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Tuesday, April 5, 2011

From my Chair


My mind reaches back to the first drops of rain on a deserted dirt road
Where a barefoot boy stood before a wooden bridge
And scuffed his calloused soles against the red and pungent dust
The mountain laurel was in bloom and the blackberries were ripening
His dirty white tee shirt and ragged jean shorts were stained with adventure
Pockets bulged with pebbles or marbles; wooden thread spools that
Had just a bit of thread left on them
He used them to tie the June bug’s leg and made a toy from his efforts to escape
With a jackknife the spools could be notched and threaded through the center
A few broken matchsticks wound the rubber band drive
And it would tumble awkwardly across the hard wooden floor of home
Homemade whistles, wooden swords and daggers were all products
Of the genuine Barlowe pocket knife he received for his eighth birthday
He’d saw another kid break his handle throwing his at a stump
He vowed never to treat his own treasure so recklessly
Walking back from the creek; a mile up the road, he would be soaked
By the time he reached the back door but there was a rack of clean towels just inside
He only had to be sure not to stain any of the “good towels”
But he disliked them anyway; they were all fluffy and soft
Along the route he caught a box turtle trying to cross the street
He brought it home and kept it in a shoebox until his father made him turn it loose
The scent of honeysuckle was wafting through the pines
As lightning bugs competed to see which ones could turn on their back porch lights
before the final rays of amber faded from the west
He had caught a fish last week in the creek but it died in the wash pan aquarium
The spring lizards and crawdads were the real trophies to be had
Spring lizards were excellent bass bait and he was always hankering to go fishing
His dad had a boat he’d built himself. It was a big green square thing
But it was floatable; had a four horsepower Johnson outboard and was watertight
Enough of the right bait and a Saturday trip to the big river might be begged
He stopped to grasp a snapping beetle and held him tight as he popped
Soon bored with the beetle, he caught a huge grasshopper that kindly spit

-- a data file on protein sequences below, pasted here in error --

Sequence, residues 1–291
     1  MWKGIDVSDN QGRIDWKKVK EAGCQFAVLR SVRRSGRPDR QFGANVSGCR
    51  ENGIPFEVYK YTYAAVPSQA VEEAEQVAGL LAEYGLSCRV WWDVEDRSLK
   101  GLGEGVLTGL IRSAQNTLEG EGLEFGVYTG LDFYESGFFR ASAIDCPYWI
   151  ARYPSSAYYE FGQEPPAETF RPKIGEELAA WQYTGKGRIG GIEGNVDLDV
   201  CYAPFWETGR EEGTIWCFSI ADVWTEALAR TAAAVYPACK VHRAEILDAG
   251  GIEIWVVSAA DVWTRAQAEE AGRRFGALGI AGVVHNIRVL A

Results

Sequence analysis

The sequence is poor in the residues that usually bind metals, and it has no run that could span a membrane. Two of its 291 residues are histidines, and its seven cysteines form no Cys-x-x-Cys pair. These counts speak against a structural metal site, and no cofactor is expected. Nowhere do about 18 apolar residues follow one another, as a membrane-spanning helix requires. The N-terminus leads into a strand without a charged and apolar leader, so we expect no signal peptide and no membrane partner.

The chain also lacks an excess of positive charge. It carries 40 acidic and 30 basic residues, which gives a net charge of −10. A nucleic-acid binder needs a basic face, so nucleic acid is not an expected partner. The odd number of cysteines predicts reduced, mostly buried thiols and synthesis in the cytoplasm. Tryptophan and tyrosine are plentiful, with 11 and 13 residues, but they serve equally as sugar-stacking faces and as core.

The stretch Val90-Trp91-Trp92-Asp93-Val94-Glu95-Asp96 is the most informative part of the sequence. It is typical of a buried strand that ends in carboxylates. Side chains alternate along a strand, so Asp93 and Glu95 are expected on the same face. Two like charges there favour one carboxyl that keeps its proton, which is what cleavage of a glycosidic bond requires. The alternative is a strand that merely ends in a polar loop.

a full mouth of “tobacky” juice right into his hand. Yuk, he hated that.
I watch him for a long time; see his air of self-importance and command.
This is a world he knows and understands; he even knows its monsters.He has seen the copperhead sunning and the cottonmouth swim right up to the bank
One morning he met a bobcat on his frozen walk to the outhouse
But it is a world with friends unequaled…Choya; the loyal German shepherd
And Pokey…the slow but reliable Yorkshire Terrier….and of course Judy.
Judy was a blue tick hound that would howl like a roasted banshee at the sight of a coon
A coon in the day times is best to avoid because they can carry the rabies
I watch him dry his hands and feet on the stoop before going inside
I see his mother; a slender brunette beauty of a woman, strip his shirt away
“Go peel them shorts off and put on some dry britches boy”, she says.
And I try with all my might to hold on to the smell of the rain on the road.
But it slips and fades with the boy into memory
And the man left thinking is unimportant without command
He does not know this world at all
He sees a man in a blue smock approaching his wheelchair.
“It’s time for your medication, Mr. Franklin.”

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About Me

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Boone, North Carolina, United States
North Carolina poet and musician Fabian G. Franklin invites you to join him on a poetic journey through the soul.